Analysts scrutinize latest Hexo plan to trim marijuana costs after years of losses

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Analysts are skeptical about plans outlined by Canadian marijuana producer Hexo Corp. to slash manufacturing and production costs and sell some noncore assets as the Quebec company looks to turn itself around after years of losses.

The moves, disclosed in a Wednesday morning corporate update, come a month after Hexo embarked on a “transformative plan” in which some of the company’s top executives and board members were replaced.

Hexo now says it can save 30 million Canadian dollars ($24 million) by leveraging its recent acquisitions, including moving vape production and distillate production to the Redecan facility it acquired last year.

The company also sold its 25% interest in its Belleville complex for approximately CA$10.1 million to Olegna Holdings, which is majority owned by Hexo Director Vincent Chiara.

Hexo expects the plan to generate additional cash flow of roughly CA$37.5 million this fiscal year and another CA$135 million in fiscal 2023 from a combination of cost cuts and anticipated revenue growth.

Hexo, which lost CA$117 million ($91 million) in its first quarter, aims to achieve positive cash flow from operations within the next three quarters.

However, analysts aren’t sure the plan goes far enough.

“Considering Hexo’s indebtedness and cost structure, we continue to view material financing, dilution, and going concern risks impacting the company until a comprehensive balance sheet restructuring occurs,” ATB Capital Markets analyst Frederico Gomes wrote in a note to investors.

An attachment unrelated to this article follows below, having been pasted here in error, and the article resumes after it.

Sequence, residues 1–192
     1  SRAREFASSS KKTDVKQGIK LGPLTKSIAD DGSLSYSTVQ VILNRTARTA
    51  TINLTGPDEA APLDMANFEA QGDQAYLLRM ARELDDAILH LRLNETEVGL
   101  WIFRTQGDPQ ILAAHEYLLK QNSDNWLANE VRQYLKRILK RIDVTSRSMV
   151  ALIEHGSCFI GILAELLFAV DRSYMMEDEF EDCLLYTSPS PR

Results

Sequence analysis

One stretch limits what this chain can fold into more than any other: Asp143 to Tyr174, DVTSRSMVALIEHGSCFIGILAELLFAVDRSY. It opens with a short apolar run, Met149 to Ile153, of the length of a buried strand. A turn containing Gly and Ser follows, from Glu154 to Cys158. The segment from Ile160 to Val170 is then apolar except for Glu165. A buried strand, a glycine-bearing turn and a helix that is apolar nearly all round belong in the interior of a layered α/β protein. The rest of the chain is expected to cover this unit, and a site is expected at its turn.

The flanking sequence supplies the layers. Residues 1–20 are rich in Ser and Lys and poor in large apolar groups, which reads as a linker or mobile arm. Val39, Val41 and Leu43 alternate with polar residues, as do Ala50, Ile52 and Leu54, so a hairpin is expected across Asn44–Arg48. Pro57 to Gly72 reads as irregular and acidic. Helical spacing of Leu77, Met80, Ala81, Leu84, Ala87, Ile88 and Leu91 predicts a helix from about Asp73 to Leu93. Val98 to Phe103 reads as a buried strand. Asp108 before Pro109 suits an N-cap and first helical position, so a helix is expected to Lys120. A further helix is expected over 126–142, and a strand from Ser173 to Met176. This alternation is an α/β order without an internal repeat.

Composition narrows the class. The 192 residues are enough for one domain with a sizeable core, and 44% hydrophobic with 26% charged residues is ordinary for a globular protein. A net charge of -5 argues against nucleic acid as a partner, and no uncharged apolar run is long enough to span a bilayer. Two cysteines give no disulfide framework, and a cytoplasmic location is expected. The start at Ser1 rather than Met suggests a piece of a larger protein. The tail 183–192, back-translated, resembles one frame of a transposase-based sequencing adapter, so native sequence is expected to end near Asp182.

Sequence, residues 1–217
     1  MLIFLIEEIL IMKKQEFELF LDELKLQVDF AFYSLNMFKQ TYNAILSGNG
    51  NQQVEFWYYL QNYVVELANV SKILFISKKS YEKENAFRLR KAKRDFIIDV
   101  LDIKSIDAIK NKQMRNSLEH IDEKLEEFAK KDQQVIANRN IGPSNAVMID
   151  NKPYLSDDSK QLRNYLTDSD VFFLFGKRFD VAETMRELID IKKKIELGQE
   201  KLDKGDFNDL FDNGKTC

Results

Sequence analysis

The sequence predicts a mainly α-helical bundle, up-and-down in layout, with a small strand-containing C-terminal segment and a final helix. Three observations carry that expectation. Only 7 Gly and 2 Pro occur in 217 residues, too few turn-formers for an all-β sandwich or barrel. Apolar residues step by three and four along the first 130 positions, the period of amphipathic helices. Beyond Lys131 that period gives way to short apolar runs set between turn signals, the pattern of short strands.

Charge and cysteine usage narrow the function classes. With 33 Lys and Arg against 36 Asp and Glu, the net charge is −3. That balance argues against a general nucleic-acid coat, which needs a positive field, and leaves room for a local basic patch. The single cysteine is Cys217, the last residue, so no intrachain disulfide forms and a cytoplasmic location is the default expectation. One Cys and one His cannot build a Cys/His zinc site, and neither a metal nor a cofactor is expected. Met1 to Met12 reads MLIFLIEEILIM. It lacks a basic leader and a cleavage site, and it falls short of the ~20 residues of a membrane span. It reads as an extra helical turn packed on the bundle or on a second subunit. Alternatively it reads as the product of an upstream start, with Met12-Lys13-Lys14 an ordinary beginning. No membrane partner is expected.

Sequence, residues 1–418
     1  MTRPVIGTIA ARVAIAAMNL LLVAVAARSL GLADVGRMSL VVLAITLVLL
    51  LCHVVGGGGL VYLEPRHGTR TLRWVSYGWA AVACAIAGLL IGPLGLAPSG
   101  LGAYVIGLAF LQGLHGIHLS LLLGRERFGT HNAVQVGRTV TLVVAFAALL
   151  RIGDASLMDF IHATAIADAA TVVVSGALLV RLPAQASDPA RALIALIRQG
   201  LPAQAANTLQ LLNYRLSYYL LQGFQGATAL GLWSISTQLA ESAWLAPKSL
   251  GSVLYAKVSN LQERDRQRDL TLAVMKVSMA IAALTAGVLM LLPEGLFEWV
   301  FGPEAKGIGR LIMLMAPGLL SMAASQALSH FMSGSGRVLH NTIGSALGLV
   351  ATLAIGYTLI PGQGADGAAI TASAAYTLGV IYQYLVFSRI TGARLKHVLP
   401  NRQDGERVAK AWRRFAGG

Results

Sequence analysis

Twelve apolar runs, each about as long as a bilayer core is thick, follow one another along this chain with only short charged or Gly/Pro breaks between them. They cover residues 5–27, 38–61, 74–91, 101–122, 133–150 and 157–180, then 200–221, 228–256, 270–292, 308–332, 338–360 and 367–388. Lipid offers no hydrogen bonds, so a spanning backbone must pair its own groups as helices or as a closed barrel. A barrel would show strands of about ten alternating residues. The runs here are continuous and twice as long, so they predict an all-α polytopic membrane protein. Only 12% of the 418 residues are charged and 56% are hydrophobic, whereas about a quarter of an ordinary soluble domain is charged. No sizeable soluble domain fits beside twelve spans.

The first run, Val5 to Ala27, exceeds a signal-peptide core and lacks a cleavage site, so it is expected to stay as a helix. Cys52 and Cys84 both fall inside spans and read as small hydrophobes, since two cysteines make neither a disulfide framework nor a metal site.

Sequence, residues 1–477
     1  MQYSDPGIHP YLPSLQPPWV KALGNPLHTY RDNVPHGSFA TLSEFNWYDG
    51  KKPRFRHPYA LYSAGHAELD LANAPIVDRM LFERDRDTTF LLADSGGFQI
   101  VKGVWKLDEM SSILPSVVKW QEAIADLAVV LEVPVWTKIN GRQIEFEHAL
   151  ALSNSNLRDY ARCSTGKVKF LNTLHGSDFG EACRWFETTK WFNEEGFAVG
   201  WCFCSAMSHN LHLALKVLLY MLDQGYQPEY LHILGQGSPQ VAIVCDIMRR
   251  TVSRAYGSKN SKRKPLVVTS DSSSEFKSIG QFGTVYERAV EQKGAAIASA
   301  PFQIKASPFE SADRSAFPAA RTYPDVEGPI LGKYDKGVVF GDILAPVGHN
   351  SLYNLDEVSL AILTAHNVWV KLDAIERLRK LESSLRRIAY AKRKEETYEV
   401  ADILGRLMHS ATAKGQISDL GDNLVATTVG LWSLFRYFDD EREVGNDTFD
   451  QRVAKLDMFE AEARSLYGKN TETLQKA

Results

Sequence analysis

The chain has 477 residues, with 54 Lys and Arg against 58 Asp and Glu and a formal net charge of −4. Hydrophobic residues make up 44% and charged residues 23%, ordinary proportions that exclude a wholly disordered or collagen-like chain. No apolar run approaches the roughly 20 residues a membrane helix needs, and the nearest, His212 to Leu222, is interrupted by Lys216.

ATB estimates that Hexo’s debt currently stands at about CA$402 million.

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“While the Belleville Complex sale is a positive step, the proceeds from this transaction represent only 3% of our estimated total indebtedness for Hexo,” the analyst wrote.

In October, Hexo auditor PricewaterhouseCoopers warned of “substantial doubt” about the company’s ability to continue as a going concern.

“Existing funds on hand, when combined with operational cash flow, are not sufficient to fund existing debt repayments, capex budgets, and potential cash requirements under the Senior Secured Convertible Note,” the auditor warned at the time.

Hexo started overhauling its C-suite in mid-October with the departure of longtime CEO Sébastien St. Louis.

In December, Hexo appointed its fifth chief financial officer in three years and shuffled out board Chair Michael Munzar.

Hexo has lost almost CA$900 million since 2016.

The company’s shares trade as HEXO on the New York Stock Exchange and Toronto Stock Exchange.